Deep shaft plan for pumped storage schemes
NEW PRODUCTS and INNOVATIONS Deep shaft plan for pumped storage schemes Apr 2010
Patrick Reynolds, Freelance Reporter
Research between a venture capital-backed US energy start-up company and some tunnelling machine manufacturers is underway to help develop excavation technology for a new pumped storage system that would eventually need shafts sunk up to 2,000m deep.

Deep shaft power generation

California-based Gravity Power, LLC, is seeking a patent for a pumped storage system that would work with a pair of deep shafts, one large and one small, joined at the top and bottom to form a closed circuit of water, and operate on a simple piston action. The larger shaft would have a diameter of at least 6m, and up to a possible 10m, for commercial operations, and be sealed to contain water and a 6,000 tonne concrete weight.
Using the pumped storage concept, cheap energy would be used to pump water into the larger shaft and raise the heavy weight, and so lock-in the potential energy. At times of peak demand, the water would be allowed to flow back to a turbine under the pressure of the weight, working in a slow, steady plunger-like action.
Deep bore technology currently rests mainly with the oil and gas exploration industries with holes being drilled to well beyond 2km depth. But the shafts bored are too narrow. The mining sector also has the capability of sinking deep shafts but it is to the tunnelling sector that Gravity Power is looking for a major breakthrough for the shaft system.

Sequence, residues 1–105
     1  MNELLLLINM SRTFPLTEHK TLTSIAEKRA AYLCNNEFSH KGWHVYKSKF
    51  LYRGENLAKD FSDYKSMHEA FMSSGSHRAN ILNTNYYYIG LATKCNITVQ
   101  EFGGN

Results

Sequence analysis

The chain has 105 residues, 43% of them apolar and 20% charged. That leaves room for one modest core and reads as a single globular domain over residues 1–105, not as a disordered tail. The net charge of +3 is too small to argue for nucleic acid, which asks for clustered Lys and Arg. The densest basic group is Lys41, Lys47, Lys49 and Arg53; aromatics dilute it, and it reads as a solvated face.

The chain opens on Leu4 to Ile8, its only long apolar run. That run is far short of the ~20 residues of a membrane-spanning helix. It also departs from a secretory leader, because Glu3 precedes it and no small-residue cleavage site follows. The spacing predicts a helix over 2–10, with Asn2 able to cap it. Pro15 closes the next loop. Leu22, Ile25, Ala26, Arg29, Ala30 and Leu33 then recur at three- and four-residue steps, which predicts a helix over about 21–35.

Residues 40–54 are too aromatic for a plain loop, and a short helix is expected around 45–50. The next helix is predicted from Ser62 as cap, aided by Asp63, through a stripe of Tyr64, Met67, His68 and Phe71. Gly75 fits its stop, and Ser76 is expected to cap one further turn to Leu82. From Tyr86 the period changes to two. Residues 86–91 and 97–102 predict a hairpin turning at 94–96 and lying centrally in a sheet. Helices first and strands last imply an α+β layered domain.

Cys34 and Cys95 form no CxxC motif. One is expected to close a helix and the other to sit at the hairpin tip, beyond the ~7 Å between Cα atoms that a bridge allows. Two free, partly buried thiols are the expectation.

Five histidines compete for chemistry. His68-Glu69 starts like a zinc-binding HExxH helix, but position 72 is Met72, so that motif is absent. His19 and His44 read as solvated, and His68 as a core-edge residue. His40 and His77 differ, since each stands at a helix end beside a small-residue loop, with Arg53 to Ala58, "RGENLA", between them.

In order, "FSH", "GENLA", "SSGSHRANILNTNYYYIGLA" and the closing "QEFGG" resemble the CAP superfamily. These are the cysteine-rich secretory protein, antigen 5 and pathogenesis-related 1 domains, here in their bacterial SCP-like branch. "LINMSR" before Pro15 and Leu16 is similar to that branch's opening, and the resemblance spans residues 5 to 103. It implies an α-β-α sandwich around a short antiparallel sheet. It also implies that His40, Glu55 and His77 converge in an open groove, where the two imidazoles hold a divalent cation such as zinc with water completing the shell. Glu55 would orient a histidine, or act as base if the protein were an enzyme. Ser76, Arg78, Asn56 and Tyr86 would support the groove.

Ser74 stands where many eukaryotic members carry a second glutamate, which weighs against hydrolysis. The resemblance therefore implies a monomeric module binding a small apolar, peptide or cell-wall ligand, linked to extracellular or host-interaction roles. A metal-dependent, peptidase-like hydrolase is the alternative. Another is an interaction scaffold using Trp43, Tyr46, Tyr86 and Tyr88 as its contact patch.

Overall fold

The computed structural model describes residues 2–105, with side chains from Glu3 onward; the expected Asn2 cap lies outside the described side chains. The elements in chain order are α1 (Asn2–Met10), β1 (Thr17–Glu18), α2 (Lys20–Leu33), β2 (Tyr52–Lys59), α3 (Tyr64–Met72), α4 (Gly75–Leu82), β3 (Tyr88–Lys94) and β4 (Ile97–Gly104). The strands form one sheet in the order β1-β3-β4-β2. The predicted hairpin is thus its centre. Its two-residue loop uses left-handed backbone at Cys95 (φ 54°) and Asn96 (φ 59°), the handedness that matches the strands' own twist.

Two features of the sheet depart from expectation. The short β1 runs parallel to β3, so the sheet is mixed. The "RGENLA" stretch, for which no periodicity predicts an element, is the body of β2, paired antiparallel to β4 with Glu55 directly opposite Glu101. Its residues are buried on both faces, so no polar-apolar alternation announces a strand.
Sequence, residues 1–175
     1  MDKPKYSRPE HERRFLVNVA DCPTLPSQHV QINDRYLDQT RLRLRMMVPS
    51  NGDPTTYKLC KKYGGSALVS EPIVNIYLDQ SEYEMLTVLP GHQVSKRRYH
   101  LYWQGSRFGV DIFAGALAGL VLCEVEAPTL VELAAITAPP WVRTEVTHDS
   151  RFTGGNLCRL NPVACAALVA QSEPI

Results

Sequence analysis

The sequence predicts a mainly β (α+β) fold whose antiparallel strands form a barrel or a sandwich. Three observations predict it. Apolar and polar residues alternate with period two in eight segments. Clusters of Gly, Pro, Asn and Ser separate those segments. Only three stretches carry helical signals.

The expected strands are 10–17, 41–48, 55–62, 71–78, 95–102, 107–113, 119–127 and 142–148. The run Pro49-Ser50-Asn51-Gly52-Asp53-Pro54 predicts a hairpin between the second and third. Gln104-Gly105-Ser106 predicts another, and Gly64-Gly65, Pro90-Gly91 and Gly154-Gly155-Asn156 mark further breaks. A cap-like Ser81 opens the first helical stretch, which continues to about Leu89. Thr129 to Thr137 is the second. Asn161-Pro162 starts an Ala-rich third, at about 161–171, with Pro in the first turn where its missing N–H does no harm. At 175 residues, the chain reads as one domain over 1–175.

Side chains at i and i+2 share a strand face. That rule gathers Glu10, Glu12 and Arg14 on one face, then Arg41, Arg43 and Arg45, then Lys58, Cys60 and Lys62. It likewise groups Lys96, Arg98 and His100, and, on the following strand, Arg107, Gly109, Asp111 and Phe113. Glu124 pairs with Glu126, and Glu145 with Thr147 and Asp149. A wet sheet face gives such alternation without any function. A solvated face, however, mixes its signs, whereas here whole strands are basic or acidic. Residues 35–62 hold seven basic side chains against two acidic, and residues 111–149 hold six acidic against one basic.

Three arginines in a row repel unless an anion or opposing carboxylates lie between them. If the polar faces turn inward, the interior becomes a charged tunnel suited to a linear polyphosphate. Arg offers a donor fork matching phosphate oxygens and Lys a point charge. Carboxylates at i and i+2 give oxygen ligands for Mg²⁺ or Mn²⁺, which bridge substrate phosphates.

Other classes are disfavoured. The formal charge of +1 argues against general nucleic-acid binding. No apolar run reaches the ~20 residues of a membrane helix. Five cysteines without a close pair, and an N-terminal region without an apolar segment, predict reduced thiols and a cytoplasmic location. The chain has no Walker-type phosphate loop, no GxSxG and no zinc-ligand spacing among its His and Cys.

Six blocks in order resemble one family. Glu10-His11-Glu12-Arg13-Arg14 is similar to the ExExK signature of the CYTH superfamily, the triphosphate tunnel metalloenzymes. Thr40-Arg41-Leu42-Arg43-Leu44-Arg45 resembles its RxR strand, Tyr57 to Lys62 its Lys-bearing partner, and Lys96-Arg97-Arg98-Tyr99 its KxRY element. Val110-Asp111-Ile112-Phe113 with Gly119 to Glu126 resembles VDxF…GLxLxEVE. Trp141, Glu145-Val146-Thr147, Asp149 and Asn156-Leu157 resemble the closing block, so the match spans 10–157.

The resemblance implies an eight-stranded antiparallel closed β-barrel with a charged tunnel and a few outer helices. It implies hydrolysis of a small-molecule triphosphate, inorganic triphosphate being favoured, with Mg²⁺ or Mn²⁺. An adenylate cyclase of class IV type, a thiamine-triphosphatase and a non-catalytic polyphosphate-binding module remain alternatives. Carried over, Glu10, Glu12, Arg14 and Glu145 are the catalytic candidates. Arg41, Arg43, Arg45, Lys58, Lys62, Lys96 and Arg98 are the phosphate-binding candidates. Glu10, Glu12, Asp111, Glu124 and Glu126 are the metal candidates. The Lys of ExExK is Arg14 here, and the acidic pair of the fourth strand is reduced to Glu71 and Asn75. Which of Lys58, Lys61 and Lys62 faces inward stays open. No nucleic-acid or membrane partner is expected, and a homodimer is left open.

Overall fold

Details are being kept confidential. There is no public announcement as yet of discussions with tunnelling companies, agreements made, commercial terms, or the nature of the tunnelling technology concepts being examined.
Gravity Power, LLC's, Vice President Chris Grieco, told TunnelTalk: "We have discussions ongoing with more than one firm and some discussions are farther along than others. The nature of the work is competitive."
A field demonstration of the modular system is planned for Texas later this year with the pair of shafts to be excavated to 100m deep, which is a fraction of the minimum commercial depth of 500m. The location has yet to be decided. In a second phase of trials the depth of the shafts is to be extended.
The configuration of the shaft pair - the smaller shaft being about 2m diameter - replaces an earlier concept for a single shaft that would hold internal pipelines to allow the necessary water circulation system.

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